Targeted Therapy and Immunotherapy in the Treatment of Metastatic Cutaneous Melanoma

Saro Sarkisian, MD

Clinical Assistant Professor, Department of General Internal Medicine, University of Pittsburgh Medical Center, Pittsburgh, PA

Corey Rearick, BSc

University of Pittsburgh School of Medicine, Pittsburgh, PA

Diwakar Davar, MD, MSc

Assistant Professor, Melanoma and Phase I Therapeutics, University of Pittsburgh Medical Center, Pittsburgh, PA

Question 11

A 77-year old Caucasian man presents with a pigmented lesion on the scalp. Pathology from a shave biopsy reveals a 2.60-mm Breslow, Clark level III, focally ulcerated, superficial spreading melanoma with 1 mitosis/mm2, partial regression, moderate tumor-infiltrating lymphocytes (TIL) with no evidence of satellitosis or angiolymphatic or perineural invasion. Margins are clear but close at 0.5 mm. Wide local excision and sentinel lymph node biopsy are planned.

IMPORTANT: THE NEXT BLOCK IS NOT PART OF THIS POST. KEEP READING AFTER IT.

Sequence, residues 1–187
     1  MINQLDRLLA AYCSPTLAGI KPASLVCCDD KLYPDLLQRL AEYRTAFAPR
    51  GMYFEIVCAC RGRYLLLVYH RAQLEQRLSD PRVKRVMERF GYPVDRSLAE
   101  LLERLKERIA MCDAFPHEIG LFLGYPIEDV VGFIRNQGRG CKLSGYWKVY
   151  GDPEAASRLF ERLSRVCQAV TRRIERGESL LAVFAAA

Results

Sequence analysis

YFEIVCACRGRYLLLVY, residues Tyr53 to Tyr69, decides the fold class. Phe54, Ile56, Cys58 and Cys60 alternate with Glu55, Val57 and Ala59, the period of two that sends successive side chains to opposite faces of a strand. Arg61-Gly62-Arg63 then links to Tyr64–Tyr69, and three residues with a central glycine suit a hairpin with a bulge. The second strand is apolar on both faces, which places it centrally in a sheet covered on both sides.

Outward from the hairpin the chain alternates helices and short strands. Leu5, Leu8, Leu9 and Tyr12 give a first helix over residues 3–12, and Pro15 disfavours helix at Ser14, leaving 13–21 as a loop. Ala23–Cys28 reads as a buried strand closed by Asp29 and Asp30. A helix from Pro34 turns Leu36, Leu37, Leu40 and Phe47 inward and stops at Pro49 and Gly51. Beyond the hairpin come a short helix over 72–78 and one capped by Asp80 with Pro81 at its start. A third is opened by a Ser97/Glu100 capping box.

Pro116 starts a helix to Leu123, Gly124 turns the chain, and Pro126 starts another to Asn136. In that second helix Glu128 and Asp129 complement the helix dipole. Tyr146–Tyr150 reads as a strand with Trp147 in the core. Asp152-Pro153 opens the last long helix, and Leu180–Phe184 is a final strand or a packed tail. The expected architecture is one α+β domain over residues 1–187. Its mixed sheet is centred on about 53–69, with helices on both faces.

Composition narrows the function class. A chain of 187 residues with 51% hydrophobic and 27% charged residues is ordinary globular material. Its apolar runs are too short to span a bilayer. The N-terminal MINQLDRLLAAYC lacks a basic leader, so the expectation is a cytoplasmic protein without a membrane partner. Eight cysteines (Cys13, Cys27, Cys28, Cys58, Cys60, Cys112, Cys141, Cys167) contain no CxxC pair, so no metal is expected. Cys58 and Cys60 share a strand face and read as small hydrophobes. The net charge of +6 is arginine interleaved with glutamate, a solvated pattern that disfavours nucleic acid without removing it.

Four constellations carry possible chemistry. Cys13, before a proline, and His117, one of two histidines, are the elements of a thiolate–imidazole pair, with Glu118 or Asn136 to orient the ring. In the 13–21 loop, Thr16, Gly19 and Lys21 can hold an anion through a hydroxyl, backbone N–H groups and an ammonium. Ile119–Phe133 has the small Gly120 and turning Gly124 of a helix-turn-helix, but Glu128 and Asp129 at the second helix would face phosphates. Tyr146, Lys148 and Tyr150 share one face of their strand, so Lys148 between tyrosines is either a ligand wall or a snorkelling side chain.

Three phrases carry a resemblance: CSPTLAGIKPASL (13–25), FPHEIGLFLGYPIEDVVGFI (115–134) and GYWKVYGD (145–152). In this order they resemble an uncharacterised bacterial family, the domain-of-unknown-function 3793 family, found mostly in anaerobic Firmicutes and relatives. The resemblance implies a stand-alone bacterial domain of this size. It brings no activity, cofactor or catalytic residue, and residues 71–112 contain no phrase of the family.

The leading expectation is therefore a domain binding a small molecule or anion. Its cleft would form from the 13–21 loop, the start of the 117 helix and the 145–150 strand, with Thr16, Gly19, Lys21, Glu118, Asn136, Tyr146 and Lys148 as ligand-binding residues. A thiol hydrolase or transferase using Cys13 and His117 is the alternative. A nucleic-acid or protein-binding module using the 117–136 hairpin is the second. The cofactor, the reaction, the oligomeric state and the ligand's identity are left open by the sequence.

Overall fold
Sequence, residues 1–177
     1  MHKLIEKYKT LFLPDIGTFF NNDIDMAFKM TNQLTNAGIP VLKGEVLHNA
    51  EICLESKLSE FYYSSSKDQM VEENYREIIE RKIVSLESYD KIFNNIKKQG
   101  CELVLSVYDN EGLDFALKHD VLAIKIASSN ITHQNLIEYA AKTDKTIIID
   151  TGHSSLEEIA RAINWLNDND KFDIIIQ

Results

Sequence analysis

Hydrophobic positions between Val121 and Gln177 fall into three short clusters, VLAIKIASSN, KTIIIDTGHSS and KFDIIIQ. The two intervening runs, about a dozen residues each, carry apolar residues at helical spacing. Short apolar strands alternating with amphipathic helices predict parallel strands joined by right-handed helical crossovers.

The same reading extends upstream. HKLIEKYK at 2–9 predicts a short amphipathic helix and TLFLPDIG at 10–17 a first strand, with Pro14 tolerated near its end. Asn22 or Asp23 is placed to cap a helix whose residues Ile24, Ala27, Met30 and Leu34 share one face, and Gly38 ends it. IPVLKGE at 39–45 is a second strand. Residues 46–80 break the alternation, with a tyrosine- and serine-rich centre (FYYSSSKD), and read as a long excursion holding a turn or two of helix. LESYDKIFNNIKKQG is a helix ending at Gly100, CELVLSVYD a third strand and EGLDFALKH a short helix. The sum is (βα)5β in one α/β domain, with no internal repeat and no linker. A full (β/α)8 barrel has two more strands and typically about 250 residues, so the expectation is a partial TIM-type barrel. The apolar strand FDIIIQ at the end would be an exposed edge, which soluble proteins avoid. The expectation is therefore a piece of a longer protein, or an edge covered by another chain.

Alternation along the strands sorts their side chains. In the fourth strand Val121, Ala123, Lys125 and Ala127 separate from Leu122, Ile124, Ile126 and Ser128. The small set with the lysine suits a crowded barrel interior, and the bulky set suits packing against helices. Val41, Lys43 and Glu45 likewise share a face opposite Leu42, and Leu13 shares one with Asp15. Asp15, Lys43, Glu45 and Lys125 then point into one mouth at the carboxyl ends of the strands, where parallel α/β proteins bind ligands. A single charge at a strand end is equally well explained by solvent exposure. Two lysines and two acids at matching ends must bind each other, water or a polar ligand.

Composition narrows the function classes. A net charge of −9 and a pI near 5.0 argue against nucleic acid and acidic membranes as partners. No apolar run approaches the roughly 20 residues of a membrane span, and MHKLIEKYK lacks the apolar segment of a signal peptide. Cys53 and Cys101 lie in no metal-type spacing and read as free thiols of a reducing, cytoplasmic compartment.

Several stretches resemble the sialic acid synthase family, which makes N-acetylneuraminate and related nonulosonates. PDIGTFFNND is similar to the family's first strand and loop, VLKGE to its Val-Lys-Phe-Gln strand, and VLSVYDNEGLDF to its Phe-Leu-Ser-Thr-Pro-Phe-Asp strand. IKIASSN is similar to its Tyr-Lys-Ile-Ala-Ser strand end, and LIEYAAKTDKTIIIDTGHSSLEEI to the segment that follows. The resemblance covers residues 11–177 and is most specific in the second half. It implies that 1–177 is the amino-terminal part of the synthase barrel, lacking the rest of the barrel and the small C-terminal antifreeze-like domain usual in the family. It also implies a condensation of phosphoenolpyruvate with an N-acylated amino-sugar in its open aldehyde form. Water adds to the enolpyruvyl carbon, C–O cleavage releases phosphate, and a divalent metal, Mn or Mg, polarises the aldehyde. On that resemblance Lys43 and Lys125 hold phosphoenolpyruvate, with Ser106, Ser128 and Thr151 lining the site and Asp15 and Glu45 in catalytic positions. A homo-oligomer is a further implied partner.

Which of the following mutations is most likely to be found on genetic analysis of the primary specimen?

  •   GNA11 c.547C>T (R183C) mutation
  •   NRAS c.38G>T (G13V) mutation
  •   KRAS c.34G>T (G12C) mutation
  •   PIK3CA c.1624G>A (E542K) mutation
  •   SMAD4 c.1081C>T (R361C) mutation

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